Arizona in Orvieto Italy - It pays to think big, work hard and be patient.Posted on: June 6, 2009
As an undergraduate, David Soren studied at the Intercollegiate Center for Classical Studies in Rome. It was his first opportunity to excavate ancient ruins, eat phenomenal food and see beautiful things every place he looked. He decided he might like to run such a center one day. “I thought it would be an interesting life,” he said.
Today UA Regents Professor Soren is living that life – and many others. This renowned Classical archaeologist is the founder and director of the Orvieto International Institute in Orvieto, Italy, a 45-minute train ride north of Rome. This is the UA’s largest and most popular overseas study program.
Orvieto is an ancient hill town surrounded by Etruscan and Roman ruins, including Chianciano Terme in southern Tuscany, where Soren has directed an archaeological excavation since 1994.
Over the years, he has made friends with many locals and government officials.
When the town of Orvieto began renovating a 14th-century building next to its famous cathedral, one of those friends immediately called Soren. The town could make the facility available as an educational research center – and provide computers, desks and other equipment. Was he interested?
“Our idea was to do an American-Italian project – a true collaboration of experts,” Soren said. His Italian counterpart is noted Etruscan and Roman archaeologist and scholar Dr. Claudio Bizzarri, who is affiliated with the University of Macerata.
The Orvieto center opened in the summer of 2002 with 15 students. Interest and enrollment grew. They added a fall semester, then spring. Today the fully accredited program serves about 100 undergraduate and graduate students of all ages and majors throughout the year – including fall and spring semesters, a summer session and two dig seasons. The curriculum varies, including classes in Ancient Greek, Latin, Italian, Etruscan and Roman art and archaeology, medieval arts and literature, studio drawing and political science.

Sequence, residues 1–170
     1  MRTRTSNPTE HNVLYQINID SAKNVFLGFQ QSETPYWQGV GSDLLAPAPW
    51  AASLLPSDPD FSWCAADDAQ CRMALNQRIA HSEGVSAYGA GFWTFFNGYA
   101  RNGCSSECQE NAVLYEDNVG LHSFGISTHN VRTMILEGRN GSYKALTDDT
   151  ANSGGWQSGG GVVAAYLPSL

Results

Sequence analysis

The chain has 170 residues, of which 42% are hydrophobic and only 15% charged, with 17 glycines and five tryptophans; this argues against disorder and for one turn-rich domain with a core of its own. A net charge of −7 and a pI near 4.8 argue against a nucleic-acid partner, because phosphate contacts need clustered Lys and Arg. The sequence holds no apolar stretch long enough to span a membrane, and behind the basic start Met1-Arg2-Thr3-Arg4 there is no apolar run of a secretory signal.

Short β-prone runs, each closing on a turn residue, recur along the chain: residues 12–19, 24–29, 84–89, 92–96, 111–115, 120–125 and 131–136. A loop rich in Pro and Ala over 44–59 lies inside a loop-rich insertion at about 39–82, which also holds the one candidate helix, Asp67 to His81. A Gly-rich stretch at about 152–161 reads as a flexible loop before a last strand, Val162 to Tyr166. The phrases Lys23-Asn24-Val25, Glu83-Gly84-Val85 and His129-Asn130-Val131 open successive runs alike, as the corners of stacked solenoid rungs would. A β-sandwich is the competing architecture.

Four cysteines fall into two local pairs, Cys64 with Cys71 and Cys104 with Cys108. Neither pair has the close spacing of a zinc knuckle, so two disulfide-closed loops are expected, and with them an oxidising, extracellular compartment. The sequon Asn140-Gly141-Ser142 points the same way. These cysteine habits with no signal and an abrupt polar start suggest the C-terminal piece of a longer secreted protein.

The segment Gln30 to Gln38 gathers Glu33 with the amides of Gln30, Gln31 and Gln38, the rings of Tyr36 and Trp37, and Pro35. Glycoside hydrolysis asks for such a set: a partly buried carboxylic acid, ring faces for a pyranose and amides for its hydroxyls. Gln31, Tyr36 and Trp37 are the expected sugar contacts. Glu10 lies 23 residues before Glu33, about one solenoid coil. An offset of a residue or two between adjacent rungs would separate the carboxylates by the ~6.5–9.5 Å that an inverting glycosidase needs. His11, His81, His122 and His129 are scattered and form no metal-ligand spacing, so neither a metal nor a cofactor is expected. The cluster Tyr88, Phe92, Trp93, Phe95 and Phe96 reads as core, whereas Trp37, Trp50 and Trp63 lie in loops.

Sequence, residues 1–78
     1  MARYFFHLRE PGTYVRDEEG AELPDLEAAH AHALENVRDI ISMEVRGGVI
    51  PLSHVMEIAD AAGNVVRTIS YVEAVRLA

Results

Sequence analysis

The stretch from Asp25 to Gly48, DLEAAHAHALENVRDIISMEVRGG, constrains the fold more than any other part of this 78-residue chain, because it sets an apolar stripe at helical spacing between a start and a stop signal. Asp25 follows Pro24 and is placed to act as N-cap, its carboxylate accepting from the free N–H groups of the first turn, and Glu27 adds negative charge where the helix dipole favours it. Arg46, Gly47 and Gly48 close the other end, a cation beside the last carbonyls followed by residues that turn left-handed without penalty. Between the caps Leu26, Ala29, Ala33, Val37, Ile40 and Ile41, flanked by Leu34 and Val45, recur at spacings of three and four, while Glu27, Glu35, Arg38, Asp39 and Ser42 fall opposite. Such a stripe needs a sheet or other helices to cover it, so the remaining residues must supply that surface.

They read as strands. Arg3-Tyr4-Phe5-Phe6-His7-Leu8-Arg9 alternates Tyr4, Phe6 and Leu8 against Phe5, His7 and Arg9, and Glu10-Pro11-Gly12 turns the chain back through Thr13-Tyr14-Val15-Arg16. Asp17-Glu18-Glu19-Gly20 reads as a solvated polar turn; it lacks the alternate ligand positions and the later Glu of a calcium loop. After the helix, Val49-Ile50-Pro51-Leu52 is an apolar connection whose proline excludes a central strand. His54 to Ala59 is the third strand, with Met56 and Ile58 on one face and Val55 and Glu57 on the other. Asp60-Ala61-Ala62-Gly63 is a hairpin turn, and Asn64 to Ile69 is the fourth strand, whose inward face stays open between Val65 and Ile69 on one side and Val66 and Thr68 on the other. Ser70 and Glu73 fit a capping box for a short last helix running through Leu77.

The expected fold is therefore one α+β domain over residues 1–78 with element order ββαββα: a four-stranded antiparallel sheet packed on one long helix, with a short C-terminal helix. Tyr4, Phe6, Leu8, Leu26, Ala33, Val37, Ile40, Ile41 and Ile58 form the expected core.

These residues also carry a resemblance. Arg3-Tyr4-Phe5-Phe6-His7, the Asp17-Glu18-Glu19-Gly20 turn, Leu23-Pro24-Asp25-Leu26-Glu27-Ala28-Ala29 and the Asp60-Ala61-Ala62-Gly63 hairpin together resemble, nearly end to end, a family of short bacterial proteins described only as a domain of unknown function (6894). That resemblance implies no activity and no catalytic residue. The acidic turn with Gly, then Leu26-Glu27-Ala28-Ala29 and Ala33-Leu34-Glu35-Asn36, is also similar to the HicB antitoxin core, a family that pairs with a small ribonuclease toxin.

Soren said this international center grew from hard work – networking with colleagues from throughout his career, writing grants, helping students and recruiting faculty. He said he engages truly excellent, inspirational teachers who like to spend time with their students.
“It worked out so well,” Soren said. “The secret to this is to get good people, invest in them and trust them. We are blessed with such beautiful people.”
Known stateside as Arizona in Orvieto, this UA Classics Department program is jointly administered with the city of Orvieto and the Orvieto Civic Foundation.
Soren joined the UA Classics Department in 1982. A distinguised scholar, he has published numerous books and articles on Etruscan and Roman archaeology. A passionate professor, he has received many teaching awards. He also is an expert on the history of Hollywood cinema, a producer and narrator of documentary films and was instrumental in getting the American Vaudeville Museum to donate its entire collection to the UA. Soren is one of 25 international fellows in the British Royal Institute of International Affairs.
Link to Study Abroad Programs http://studyabroad.arizona.edu/databaseshowitem.aspx?id=981
Link to Orvieto site: http://www.officinecomunicazione.com/